|Appears in Collections:||Biological and Environmental Sciences Journal Articles|
|Peer Review Status:||Refereed|
|Title:||Biogeographical and seasonal dynamics of the marine Roseobacter community and ecological links to DMSP-producing phytoplankton|
McParland, Erin L.
Bramucci, Anna R.
Levine, Naomi M.
Brown, Mark V.
van de Kamp, Jodie
Messer, Lauren F.
Seymour, Justin R.
marine Roseobacter: community
ecological: DMSP-producing phytoplankton
|Citation:||O’Brien J, McParland EL, Bramucci AR, Siboni N, Ostrowski M, Kahlke T, Levine NM, Brown MV, van de Kamp J, Bodrossy L, Messer LF, Petrou K & Seymour JR (2022) Biogeographical and seasonal dynamics of the marine Roseobacter community and ecological links to DMSP-producing phytoplankton. <i>ISME Communications</i>, 2 (1), Art. No.: 16. https://doi.org/10.1038/s43705-022-00099-3|
|Abstract:||Abstract Ecological interactions between marine bacteria and phytoplankton play a pivotal role in governing the ocean’s major biogeochemical cycles. Among these, members of the marine Roseobacter Group (MRG) can establish mutualistic relationships with phytoplankton that are, in part, maintained by exchanges of the organosulfur compound, dimethylsulfoniopropionate (DMSP). Yet most of what is known about these interactions has been derived from culture-based laboratory studies. To investigate temporal and spatial co-occurrence patterns between members of the MRG and DMSP-producing phytoplankton we analysed 16S and 18S rRNA gene amplicon sequence variants (ASVs) derived from 5 years of monthly samples from seven environmentally distinct Australian oceanographic time-series. The MRG and DMSP-producer communities often displayed contemporaneous seasonality, which was greater in subtropical and temperate environments compared to tropical environments. The relative abundance of both groups varied latitudinally, displaying a poleward increase, peaking (MRG at 33% of total bacteria, DMSP producers at 42% of eukaryotic phototrophs) during recurrent spring-summer phytoplankton blooms in the most temperate site (Maria Island, Tasmania). Network analysis identified 20,140 significant positive correlations between MRG ASVs and DMSP producers and revealed that MRGs exhibit significantly stronger correlations to high DMSP producers relative to other DMSP-degrading bacteria (Pelagibacter, SAR86 and Actinobacteria). By utilising the power of a continental network of oceanographic time-series, this study provides in situ confirmation of interactions found in laboratory studies and demonstrates that the ecological dynamics of an important group of marine bacteria are shaped by the production of an abundant and biogeochemically significant organosulfur compound.|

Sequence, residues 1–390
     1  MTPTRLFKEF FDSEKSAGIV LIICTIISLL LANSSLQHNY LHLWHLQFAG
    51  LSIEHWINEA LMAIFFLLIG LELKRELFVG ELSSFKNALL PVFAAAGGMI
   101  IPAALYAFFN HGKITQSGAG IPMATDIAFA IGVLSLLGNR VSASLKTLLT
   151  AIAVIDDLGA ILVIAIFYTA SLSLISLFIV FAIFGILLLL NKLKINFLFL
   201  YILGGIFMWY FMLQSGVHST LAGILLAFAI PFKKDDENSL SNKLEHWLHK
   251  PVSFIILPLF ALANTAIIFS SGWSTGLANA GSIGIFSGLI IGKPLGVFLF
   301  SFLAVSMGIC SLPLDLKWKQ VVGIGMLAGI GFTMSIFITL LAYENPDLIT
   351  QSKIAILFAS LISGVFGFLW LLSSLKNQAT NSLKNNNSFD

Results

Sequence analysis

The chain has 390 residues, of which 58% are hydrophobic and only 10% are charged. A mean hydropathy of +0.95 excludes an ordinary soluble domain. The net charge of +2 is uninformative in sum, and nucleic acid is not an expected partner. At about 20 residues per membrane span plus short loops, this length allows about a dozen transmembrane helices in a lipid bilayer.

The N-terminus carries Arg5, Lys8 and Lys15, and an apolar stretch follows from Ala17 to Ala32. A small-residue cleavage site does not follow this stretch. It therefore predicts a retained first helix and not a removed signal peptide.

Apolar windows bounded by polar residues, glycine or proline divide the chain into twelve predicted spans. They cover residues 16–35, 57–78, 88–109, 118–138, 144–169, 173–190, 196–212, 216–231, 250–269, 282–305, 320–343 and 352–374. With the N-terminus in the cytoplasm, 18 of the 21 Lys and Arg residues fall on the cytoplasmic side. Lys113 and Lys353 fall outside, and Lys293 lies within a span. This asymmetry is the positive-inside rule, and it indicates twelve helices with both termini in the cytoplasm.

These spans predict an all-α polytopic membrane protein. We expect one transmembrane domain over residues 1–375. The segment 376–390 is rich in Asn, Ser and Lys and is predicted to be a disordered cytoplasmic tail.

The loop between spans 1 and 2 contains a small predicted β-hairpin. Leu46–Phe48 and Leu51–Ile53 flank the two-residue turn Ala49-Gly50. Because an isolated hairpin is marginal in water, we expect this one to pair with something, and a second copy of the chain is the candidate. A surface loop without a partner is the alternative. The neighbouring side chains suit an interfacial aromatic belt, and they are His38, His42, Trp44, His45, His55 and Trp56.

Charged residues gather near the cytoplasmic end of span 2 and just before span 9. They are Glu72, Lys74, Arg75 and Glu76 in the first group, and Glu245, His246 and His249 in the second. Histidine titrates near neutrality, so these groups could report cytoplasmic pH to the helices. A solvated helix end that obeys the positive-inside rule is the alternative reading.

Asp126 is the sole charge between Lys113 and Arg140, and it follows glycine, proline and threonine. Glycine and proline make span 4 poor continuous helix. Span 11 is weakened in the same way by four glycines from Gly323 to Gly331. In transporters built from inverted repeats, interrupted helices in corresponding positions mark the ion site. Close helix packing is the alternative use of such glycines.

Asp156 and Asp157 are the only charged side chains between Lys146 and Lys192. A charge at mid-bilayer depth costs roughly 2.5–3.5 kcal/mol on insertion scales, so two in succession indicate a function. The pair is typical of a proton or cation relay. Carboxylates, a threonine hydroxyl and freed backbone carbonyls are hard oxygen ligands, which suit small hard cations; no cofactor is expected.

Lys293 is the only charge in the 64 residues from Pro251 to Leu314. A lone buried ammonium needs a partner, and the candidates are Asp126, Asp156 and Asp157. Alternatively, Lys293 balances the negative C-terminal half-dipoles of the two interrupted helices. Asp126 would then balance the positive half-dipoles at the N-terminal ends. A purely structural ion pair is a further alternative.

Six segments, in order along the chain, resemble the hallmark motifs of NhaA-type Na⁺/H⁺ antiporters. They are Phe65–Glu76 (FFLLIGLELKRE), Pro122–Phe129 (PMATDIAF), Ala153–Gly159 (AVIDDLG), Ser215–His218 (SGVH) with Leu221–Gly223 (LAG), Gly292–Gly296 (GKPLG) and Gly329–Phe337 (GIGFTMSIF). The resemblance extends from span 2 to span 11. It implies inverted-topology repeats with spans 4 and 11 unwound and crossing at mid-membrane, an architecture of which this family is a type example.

|Rights:||Open Access This article is licensed under a Creative Commons Attribution 4.0 International License, which permits use, sharing, adaptation, distribution and reproduction in any medium or format, as long as you give appropriate credit to the original author(s) and the source, provide a link to the Creative Commons license, and indicate if changes were made. The images or other third party material in this article are included in the article’s Creative Commons license, unless indicated otherwise in a credit line to the material. If material is not included in the article’s Creative Commons license and your intended use is not permitted by statutory regulation or exceeds the permitted use, you will need to obtain permission directly from the copyright holder. To view a copy of this license, visit http://creativecommons.org/licenses/by/4.0/.|
|s43705-022-00099-3.pdf||Fulltext - Published Version||4.79 MB||Adobe PDF||View/Open|
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